When a show enters its seventh season, two things will most likely happen. Either the show will start to fizzle out and the writing becomes stale and predictable and the inevitable decline of the show is imminent…or the show is still good (as it ever was) and it’s just another season full of action, humor and/or drama. Thankfully CSI falls into the latter category as the seventh season was one of the better seasons of the show. Why, you ask? Not only has CSI remained to hold onto the original cast (for the exception of Jorja Fox who is leaving early on in the eighth season), but it’s managed to build up a suitable supporting cast as well. I remember reading where the show has inspired thousands to go into the field of crime scene investigation and with good reason; it’s intriguing work, you’re catching bad guys and they make it look like so much fun! Of course, we can’t expect that the work is like it is on TV, but anyone interested in gadgets or seeing the sights of Las Vegas has undoubtedly watched CSI and it continues to be a ratings powerhouse on Thursday nights.
As I started to mention above, the seventh season of the show is undoubtedly one of the show’s strongest in that we have a sub plot that actually manages to last the entire season. Grissom (William Petersen) and the crew are going about business as usual, when they encounter what they refer to as the “Minature Killer”. This person leaves behind meticulous models of crime scenes left as clues for the CSI team to handle and solve. Some work out and others don’t and it perplexes Grissom and the gang that there’s someone out there who’s got the edge on them. This isn’t the only thing happening during the season, Grissom and Sarah (Jorja Fox) are trying to keep their on again/off again relationship a secret and we get the usual bevy of intriguing episodes with just the right mix of action, drama and yes, even humor to keep the audiences entertained. CSI is still television’s number one or two show and with those kind of numbers, I don’t see it going anywhere for quite some time. Fans will most assuredly want to check out this latest installment of CSI.
Video: How does it look?
The episodes are shown in a very good-looking 1.78:1 anamorphic transfer just as they appear on TV (a reason to own a widescreen TV if you don’t have one). I watch the episodes during the season via HD and these standard DVD’s adequately represent how they appear on screen. The quality is consistent on all of the episodes, though there are plenty of differences in the actual quality of how they appear. This is done for dramatic effect and not a result of the transfers. Flesh tones appear warm and natural and with the movement of some of the team to the day shift, we actually get to see what they look like in natural light and not just at night! The quality is consistent with the previous seasons and fans will no doubt be pleased – nice effort here.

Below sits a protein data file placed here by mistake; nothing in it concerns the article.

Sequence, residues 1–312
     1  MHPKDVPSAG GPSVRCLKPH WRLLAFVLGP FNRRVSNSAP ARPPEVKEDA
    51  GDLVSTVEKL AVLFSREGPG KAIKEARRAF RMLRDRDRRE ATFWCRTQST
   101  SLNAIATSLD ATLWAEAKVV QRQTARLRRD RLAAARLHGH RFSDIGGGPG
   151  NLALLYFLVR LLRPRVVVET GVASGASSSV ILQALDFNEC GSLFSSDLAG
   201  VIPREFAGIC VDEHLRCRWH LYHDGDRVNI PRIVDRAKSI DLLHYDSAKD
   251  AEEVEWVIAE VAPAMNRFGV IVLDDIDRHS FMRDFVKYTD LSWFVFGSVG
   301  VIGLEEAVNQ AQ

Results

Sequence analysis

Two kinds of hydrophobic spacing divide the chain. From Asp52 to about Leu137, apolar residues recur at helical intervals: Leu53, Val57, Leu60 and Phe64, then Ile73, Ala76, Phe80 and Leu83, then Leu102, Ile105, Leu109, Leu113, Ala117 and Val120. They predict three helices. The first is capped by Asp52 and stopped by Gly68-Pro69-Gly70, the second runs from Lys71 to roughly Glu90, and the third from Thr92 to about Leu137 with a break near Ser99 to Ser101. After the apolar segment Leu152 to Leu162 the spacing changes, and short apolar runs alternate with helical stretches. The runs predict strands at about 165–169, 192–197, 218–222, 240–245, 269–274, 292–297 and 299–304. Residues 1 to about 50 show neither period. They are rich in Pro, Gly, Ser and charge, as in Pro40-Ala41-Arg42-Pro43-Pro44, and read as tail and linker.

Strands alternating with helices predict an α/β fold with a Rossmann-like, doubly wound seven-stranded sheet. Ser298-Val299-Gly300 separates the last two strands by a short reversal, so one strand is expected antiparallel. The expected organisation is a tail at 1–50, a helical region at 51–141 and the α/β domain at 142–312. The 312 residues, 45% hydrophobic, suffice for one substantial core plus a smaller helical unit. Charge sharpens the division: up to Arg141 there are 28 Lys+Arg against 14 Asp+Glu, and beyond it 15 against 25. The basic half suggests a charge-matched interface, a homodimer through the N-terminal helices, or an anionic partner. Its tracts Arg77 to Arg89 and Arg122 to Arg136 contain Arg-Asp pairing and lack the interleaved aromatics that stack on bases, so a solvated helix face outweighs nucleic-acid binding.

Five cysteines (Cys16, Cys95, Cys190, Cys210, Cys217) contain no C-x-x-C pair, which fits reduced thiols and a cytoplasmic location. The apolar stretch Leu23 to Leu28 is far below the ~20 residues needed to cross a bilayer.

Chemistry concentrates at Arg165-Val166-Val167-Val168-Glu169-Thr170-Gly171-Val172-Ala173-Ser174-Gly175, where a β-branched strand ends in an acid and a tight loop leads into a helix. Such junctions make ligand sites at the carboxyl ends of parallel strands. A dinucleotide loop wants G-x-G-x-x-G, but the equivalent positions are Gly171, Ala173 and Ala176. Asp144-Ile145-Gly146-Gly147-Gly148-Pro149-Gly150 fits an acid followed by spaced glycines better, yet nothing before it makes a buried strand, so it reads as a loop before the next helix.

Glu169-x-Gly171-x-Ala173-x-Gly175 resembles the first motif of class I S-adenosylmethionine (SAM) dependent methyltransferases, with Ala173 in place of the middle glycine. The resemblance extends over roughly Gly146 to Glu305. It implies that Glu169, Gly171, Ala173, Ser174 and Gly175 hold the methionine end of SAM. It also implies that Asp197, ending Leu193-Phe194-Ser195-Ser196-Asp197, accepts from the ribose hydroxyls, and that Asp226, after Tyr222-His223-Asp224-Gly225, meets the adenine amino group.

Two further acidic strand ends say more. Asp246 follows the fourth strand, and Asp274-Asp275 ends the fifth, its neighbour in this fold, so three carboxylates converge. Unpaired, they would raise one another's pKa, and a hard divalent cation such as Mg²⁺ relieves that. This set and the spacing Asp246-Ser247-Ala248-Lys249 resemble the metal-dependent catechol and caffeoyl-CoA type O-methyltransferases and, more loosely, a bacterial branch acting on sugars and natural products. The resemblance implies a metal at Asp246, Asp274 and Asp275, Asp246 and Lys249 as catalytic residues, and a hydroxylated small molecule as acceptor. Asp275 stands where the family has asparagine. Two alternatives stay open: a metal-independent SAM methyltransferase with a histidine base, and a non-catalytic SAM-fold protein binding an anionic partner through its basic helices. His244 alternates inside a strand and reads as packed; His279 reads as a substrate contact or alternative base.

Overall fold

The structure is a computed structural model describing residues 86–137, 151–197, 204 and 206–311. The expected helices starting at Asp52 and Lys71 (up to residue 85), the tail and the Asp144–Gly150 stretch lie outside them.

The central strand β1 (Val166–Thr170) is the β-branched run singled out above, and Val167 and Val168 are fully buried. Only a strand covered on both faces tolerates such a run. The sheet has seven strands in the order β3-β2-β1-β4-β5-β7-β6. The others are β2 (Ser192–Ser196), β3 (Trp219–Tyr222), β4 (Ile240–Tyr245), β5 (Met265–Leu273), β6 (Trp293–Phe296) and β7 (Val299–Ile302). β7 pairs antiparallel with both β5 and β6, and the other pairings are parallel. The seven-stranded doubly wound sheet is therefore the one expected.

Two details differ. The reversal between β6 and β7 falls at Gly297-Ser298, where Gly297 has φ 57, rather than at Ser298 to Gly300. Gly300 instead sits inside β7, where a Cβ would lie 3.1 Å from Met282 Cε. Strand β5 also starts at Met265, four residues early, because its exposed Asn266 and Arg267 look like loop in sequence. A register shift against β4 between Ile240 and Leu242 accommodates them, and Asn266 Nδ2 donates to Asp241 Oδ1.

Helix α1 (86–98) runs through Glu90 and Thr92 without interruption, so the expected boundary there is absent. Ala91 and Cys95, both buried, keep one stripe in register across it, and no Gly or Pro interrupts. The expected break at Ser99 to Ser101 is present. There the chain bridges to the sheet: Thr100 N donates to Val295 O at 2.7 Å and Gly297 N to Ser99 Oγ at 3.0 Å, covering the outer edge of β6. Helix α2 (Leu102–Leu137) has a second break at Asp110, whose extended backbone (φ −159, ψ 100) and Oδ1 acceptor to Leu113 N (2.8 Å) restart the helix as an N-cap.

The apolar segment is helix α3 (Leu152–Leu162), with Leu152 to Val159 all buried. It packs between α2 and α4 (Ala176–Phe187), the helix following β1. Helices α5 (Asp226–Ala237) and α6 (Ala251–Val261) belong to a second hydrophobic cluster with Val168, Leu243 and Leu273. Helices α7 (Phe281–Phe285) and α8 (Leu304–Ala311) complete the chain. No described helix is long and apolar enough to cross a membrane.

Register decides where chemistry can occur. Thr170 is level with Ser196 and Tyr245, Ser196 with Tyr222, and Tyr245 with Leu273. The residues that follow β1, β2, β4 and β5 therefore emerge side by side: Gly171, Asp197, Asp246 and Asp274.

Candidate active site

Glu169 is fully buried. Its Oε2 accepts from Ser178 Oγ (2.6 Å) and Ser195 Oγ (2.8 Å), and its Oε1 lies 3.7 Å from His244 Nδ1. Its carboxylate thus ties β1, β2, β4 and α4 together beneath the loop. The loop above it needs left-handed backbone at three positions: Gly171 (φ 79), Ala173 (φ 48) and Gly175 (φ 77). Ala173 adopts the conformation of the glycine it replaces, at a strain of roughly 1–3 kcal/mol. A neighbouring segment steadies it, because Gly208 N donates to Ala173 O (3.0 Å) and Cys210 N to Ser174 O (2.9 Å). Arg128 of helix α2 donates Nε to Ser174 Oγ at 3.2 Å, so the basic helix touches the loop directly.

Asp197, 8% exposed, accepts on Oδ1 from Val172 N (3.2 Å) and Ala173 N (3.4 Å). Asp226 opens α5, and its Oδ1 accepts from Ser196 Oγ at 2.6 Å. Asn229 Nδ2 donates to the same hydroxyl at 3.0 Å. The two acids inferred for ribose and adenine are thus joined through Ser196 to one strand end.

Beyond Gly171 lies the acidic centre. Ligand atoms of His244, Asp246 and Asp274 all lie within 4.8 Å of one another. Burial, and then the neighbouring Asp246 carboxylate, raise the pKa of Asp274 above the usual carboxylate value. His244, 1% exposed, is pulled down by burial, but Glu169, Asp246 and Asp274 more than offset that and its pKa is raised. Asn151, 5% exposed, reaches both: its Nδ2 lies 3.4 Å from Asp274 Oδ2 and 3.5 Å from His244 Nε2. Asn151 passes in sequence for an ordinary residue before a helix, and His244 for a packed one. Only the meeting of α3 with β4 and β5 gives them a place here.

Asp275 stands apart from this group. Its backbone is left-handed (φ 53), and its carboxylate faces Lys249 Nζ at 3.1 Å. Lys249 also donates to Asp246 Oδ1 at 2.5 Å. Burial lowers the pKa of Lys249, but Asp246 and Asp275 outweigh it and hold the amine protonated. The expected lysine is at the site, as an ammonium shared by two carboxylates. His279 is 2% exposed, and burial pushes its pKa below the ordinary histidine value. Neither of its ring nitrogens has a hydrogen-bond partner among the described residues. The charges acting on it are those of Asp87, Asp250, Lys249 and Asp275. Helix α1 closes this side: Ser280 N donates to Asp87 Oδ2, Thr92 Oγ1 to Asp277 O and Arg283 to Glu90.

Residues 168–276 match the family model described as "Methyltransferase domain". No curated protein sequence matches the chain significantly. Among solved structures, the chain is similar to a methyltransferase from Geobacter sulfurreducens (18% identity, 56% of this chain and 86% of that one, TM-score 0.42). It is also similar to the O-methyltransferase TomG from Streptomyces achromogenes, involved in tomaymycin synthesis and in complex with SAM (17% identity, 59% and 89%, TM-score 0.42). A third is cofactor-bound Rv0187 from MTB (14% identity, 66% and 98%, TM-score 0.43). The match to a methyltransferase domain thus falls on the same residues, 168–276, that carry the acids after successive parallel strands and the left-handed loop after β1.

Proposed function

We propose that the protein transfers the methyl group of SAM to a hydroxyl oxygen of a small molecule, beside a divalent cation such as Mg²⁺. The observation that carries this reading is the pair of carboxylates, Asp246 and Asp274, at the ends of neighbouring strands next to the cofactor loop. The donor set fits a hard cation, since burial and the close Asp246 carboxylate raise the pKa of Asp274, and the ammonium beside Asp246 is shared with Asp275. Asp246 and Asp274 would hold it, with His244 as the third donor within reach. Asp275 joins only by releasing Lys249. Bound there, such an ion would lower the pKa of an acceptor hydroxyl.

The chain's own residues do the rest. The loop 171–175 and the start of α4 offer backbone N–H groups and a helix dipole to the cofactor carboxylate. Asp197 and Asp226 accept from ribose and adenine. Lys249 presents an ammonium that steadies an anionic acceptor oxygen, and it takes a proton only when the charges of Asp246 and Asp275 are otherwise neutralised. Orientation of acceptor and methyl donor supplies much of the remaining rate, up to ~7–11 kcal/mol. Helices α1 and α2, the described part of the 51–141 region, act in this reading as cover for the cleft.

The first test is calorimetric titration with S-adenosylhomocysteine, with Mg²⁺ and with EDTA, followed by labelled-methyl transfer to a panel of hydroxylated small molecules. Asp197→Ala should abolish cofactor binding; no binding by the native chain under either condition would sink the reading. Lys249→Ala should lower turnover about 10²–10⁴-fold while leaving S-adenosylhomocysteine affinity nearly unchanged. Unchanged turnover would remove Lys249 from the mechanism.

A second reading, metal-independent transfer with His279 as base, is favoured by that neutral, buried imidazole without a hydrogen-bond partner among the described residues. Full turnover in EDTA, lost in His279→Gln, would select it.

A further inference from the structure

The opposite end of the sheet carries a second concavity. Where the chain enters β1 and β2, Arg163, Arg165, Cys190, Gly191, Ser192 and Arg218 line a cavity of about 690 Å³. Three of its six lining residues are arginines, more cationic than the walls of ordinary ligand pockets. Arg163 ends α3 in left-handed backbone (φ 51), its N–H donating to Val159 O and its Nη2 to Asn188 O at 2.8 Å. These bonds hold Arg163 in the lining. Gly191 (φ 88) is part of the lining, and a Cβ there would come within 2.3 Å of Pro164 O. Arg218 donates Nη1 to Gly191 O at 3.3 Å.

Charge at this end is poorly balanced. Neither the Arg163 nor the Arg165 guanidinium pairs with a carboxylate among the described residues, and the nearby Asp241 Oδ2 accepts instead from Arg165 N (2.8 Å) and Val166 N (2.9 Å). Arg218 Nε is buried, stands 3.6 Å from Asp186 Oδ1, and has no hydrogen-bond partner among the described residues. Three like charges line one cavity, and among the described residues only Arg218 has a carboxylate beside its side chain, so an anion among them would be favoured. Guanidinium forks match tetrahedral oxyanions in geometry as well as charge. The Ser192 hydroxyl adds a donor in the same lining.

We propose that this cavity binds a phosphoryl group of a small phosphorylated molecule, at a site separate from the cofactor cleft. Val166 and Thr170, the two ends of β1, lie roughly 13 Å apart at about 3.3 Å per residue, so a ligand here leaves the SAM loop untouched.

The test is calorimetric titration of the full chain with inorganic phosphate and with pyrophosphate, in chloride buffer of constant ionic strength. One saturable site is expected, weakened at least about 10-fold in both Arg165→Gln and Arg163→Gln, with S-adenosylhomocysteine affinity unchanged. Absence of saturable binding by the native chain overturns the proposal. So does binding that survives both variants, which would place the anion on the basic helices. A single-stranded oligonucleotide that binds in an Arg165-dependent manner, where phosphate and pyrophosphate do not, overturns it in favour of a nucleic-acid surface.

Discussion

Audio: How does it sound?
While it’s true that most of the television shows out there aren’t geared for Dolby Digital 5.1, the “CSI’s” are an exception to that rule. In almost every episode the speakers are humming and rattling about with action coming through the surrounds and fronts in nearly every scene. Dialogue is very clean and though the soundtracks differ from episode to episode, it’s a great way to experience a television show. Granted we’re not talking major explosions or anything, but when you listen to it CSI sounds more like a movie than a TV show.
Supplements: What are the extras?
Paramount is sticking to what works and they’ve given us more than the lion’s share of supplements here. Commentaries on seven of the episodes by various members of the cast and crew are a very nice addition to the series and shed a little light on what went on behind the scenes and some character motivation as well. In particular, this season with the “minature killer”, we get an insight into the producer’s point of view and it’s a nice touch. There are a series of six featurettes dealing with the production of the show, the location (Las Vegas) and various assorted things associated with the show. As with previous seasons, these are nice to have but certainly not integral to the set. It’s the icing on the cake, so to speak.